E. 250-350
800
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115
c
Milton Latham. Free frank as U.S. Senator from California, on cover to Capt. George Wallace, Salt Lake City, U.T. Wallace was formly secretary to California's Governor Downey. The military presence in Utah is partly explained by periodic Indian problems, but the Lincoln administration also had serious doubts about the loyalty of Mormons to the Union. Latham himself was pro-Southern, but when it became clear that California was overwhelmingly loyal to the Union, he quickly amended his opinions; slightly reduced at R., still fresh and Very Fine, ex Grunin

E. 200-250
0
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116
 
[Miner's Letter]. 1 page letter from miner Wyatt Harris at Long Bar, Oct. 2, 1858. He writes (in part): "I haven't been living at one particular place until now...working in a Blacksmith Shop, besides mining in a bank claim on the Yuba River. I have spent most of this summer rambling about in search of the new `Eldorado of the north' I left California in June and got back in September from Fraser River. I was glad to get back to California, British America as far as I got acquinted with it, is a hard old Country Nothing but dense forrests and bleak rocks to be seen, and as for the gold on Fraser River is concerned I think it is a skace a trickle," etc., Fine

E. 75-100
75
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117°
 
[Oregon Territory]. ALS, 2pp, from Benjamin Stark to his mother. Datelined "Oregon Territory Portland Oct. 15th 1847," outer lettersheet with "New-York 5cts 6 May" (1848) cds indicating this was hand-carried and deposited upon arrival in New York. He writes (in part): "In two weeks time I shall leave this country and return immediately to the United States, most probably by the way of China. An English vessel left here a short time ago, and I wrote you a long letter by her, to go across the Isthmus; perhaps you will have recd that before this come to hand...I have been very successful in my business and hope I have laid the foundation of my fortune." etc., Fine, very early and rare letter which predates the creation of this territory by an Act of Congress, Aug. 14, 1848. One of the founders of Portland, Stark was a member of the territorial house of representatives, and during the Civil War was appointed a U.S. senator. Prior to his political career he engaged in trade with the Sandwich Islands, as alluded to in his letter

E. 750-1,000
750
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118
c
Sale 779, Lot 118, Military, Western and Indian RelatedOverland Mail, Via Los Angeles. Illustrated railroad propaganda envelope, hand-carried to San Francisco, accompanied by two covers from Burlington Vt. with 10c Green, Ty. V (35), ms. endorsements, "Overland Los Angeles" and "Overland via St. Louis", small faults, Fine, scarce

E. 150-200
135
Back to Top
119°
 
Sale 779, Lot 119, Military, Western and Indian RelatedWilliam H. Russell. DS ("Wm. H. Russell"), 2pp, 9 x 14 in., dated June 1860, this being a indemnifying bond, from Jackson County, Mo., all in ms., stating that three men are offering $4,000 in securities to cover a $2,000 sight draft issued by a Major Crossman at Camp Floyd, Utah Territory, that was lost in the U.S. mail. The document pledges that the financial obligation will be honored; signed on the second page by S.H. Woodson, Wm. H. Russell and Jacob Hall and witnessed by two others, clean and Fine, rare. A successful merchant and banker before forming several freighting partnerships, Russell - the "Napoleon of the West" - formed the Central Overland & Pikes Peak Express Co. in 1859. Only two months before this document was signed, he inaugurated the rapid mail service between California and the country east of the Rocky Mountains known as "The Pony Express." At a time when government mail service was slow, Russell offered a unique service: letters carried by a series of riders on horseback across the Central Route - 1,966 miles in as few as eight days. Our 1994 Rarity Sale included a Russell free frank with a Running Pony marking which realized $65,000, and while the marking obviously was a major factor in this price, Russell's signature is surprisingly difficult to obtain, particularly on a piece dated during the high watermark of his career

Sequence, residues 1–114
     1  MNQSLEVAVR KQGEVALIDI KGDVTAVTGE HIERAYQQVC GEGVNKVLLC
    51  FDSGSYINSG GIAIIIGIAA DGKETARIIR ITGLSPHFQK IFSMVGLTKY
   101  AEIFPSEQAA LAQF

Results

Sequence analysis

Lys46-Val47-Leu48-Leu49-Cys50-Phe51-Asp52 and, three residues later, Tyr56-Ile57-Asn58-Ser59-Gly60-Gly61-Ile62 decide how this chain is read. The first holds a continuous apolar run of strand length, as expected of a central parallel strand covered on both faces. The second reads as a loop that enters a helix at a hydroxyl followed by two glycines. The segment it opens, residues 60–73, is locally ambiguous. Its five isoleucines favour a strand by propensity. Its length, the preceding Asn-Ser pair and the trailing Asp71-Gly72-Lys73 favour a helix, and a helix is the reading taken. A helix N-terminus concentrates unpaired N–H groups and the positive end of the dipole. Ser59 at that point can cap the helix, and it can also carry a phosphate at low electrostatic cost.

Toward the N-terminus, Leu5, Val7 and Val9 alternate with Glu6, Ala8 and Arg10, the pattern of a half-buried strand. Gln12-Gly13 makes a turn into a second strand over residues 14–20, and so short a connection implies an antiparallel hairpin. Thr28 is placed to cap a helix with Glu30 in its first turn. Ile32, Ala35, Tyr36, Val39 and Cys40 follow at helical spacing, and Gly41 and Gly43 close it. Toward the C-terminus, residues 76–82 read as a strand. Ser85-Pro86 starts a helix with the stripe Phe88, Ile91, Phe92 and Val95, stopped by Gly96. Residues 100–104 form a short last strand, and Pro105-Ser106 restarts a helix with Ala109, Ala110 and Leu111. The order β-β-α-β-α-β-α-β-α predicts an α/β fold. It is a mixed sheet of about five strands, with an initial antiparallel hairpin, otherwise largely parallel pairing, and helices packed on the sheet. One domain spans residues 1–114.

E. 3,000-5,000
0
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120
c
Sale 779, Lot 120, Military, Western and Indian RelatedSalt Lake City Utah Feb. Rimless datestamp, mostly clear strike on large Internal Revenue envelope with 1c Buff (112) tied by fancy segmented cork cancel, used locally, assessor's signature at R. in purple ink, Fine, very scarce on an intact cover - the large majority of these covers have been either reduced or cut down into "on piece" examples

E. 150-200
150
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121
c
Sale 779, Lot 121, Military, Western and Indian RelatedVancouver W.T. Sep. 20. Three strikes ties 3c Dull Red (26) strip of three and single on cover to a Cadet John Adair at the U.S. Military Academy, West Point, apparently a 2c overpayment of the 10c rate, 1859 docketing on face, cover very skillfully repaired at right including tiny bit of rim of one cds, Very Fine appearance, rare

E. 300-400
325
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122
c
[War of 1812]. Well-written three-page letter from a Samuel Preston, dated Nov. 22, 1812 . Headed "Thoughts on the President's Message", he writes (in part): "What are we to think the policy of the Executive Department in not furnishing the Indians with the blankets as bound to do by a Treaty of Peace - and reducing them to the necessity of resorting to Canada for support. Will the American treatment of the Indians bear the Character of Sacred to Humanity - have not the Americans also engaged the Indians at Buffalo...That the misfortune at Detroit raised the American Spririt any further than to show the immediate necessity of defending the harmless Women & Children on the Frontiers. We have no proof and it is generally considered to have the contrary effect on the Public Mind...What may be the success of the large Army now marching under Genl. Harrison time must determine." etc. Outersheet with ms. "Mountpleasant November 22" and Paid 10", Fine and fascinating diatribe

E. 200-250
325
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123
 
Brigham Young. Signature on small piece, Fine

E. 200-250
270